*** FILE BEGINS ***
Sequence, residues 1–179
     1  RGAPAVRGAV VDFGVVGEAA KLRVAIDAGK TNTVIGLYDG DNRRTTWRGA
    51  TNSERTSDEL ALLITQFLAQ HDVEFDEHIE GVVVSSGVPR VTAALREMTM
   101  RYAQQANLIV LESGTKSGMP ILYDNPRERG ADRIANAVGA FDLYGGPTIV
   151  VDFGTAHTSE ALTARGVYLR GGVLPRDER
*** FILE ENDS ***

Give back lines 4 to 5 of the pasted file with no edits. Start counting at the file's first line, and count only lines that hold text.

   101  RYAQQANLIV LESGTKSGMP ILYDNPRERG ADRIANAVGA FDLYGGPTIV
   151  VDFGTAHTSE ALTARGVYLR GGVLPRDER